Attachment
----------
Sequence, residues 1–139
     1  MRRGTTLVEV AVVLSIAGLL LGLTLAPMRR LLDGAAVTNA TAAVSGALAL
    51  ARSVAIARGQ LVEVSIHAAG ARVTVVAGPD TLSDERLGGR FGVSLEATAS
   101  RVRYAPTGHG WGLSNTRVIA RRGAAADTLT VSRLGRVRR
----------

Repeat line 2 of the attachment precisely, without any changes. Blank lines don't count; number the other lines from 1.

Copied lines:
     1  MRRGTTLVEV AVVLSIAGLL LGLTLAPMRR LLDGAAVTNA TAAVSGALAL